Mortgage lenders subject to implied condition not to unreasonably withhold consent to let
When is it reasonable for a mortgage lender to exercise its power to refuse consent for a proposed letting of the mortgaged property? This point was addressed in the case of Commercial First Business Ltd v Atkins  EWHC 4388 (Ch) (13 July 2012).
In that case the High Court adapted the test set out in International Drilling Fluids Ltd v Louisville Investments (Uxbridge) Ltd  EWCA Civ 3 (20 November 1985) relating to consent to assignment of a lease. The court held that when judging whether a lender had acted reasonably in withholding its consent, the onus is on the borrower to prove that the lender has acted unreasonably. However, the lender should not refuse its consent to a proposed letting on grounds which have nothing whatever to do with the relationship of borrower and lender in relation to the mortgaged security and the proposed letting.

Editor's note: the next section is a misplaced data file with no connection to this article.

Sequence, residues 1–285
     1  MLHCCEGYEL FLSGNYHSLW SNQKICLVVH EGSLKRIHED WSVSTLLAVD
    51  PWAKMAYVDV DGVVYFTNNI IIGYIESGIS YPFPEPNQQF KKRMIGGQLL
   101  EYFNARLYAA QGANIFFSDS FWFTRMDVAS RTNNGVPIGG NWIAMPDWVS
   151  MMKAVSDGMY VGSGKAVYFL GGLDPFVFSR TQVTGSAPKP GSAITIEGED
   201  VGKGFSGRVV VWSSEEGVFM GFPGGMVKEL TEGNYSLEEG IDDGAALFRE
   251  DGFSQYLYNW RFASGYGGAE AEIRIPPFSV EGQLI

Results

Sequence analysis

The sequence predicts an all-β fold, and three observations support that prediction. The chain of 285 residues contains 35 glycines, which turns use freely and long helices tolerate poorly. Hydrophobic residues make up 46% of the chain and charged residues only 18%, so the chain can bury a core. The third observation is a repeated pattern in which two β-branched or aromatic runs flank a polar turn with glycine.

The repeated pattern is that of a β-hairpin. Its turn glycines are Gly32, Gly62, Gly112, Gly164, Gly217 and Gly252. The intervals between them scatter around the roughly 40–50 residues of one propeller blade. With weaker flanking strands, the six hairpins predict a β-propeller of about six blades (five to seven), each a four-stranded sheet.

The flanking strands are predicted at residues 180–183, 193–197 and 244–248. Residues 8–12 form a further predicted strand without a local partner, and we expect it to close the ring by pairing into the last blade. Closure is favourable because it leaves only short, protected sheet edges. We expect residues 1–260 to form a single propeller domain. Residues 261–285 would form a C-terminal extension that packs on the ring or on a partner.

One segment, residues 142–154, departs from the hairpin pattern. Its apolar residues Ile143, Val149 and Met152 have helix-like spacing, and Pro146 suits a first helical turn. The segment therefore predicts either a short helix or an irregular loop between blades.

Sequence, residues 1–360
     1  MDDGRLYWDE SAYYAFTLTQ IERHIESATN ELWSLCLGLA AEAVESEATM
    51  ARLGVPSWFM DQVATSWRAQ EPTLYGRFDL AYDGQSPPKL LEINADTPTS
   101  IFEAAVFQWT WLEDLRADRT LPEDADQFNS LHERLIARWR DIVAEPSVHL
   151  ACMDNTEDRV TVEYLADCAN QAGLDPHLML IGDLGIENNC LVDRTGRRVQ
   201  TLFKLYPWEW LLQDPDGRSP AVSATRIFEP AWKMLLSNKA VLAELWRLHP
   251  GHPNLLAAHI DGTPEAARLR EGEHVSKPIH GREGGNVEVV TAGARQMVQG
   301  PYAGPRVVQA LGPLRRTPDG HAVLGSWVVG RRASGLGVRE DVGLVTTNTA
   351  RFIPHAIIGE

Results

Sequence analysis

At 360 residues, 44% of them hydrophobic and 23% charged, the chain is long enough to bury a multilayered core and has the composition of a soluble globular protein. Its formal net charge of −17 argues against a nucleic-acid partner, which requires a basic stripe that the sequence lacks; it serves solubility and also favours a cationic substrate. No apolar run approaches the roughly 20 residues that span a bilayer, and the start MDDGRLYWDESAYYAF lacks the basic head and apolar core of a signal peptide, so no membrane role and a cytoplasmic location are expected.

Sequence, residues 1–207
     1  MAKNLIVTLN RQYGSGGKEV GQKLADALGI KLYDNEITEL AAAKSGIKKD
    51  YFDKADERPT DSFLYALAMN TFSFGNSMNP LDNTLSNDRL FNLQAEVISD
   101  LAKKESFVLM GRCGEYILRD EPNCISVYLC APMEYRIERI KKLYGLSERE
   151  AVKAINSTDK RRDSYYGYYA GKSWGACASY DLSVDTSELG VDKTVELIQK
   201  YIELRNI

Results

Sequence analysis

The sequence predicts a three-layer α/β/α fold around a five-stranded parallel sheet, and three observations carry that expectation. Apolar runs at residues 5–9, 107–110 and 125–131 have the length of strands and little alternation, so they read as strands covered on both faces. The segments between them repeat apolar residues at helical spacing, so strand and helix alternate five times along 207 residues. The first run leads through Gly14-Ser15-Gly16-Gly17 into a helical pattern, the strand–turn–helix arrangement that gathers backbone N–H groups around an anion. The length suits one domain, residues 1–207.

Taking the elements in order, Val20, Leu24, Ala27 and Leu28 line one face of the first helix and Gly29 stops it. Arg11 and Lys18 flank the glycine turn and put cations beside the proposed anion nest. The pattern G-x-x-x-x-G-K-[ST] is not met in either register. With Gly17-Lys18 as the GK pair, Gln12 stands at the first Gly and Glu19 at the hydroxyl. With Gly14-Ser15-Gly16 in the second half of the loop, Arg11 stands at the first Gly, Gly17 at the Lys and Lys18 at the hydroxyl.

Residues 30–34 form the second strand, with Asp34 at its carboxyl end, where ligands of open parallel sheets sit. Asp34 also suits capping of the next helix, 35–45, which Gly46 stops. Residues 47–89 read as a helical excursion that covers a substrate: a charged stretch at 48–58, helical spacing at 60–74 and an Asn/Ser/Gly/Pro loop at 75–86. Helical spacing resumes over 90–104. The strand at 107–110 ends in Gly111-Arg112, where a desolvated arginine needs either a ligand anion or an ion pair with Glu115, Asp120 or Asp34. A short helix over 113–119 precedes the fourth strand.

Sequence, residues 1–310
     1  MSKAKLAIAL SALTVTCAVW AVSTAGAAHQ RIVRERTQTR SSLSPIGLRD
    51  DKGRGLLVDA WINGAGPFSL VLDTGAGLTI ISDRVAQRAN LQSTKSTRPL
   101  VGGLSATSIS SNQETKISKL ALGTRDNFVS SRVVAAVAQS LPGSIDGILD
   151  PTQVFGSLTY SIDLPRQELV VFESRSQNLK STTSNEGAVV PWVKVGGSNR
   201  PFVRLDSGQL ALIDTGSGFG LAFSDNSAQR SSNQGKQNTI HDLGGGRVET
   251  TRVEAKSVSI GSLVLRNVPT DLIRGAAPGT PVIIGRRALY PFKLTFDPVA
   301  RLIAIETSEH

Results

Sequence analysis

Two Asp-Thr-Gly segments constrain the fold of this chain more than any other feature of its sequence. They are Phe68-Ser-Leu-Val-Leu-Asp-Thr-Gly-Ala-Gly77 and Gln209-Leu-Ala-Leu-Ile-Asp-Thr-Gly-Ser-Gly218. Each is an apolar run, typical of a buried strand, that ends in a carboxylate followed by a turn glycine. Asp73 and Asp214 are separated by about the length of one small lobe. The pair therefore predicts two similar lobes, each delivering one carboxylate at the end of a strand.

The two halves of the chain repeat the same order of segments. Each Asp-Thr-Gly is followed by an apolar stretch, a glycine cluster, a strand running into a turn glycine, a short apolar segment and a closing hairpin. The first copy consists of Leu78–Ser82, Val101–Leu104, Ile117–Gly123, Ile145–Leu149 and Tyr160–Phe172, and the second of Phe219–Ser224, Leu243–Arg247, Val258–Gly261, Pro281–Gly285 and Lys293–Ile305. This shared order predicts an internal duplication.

The Court also held that this qualification would apply in the case of a mortgage of a residential property granted on a buy-to-let basis.
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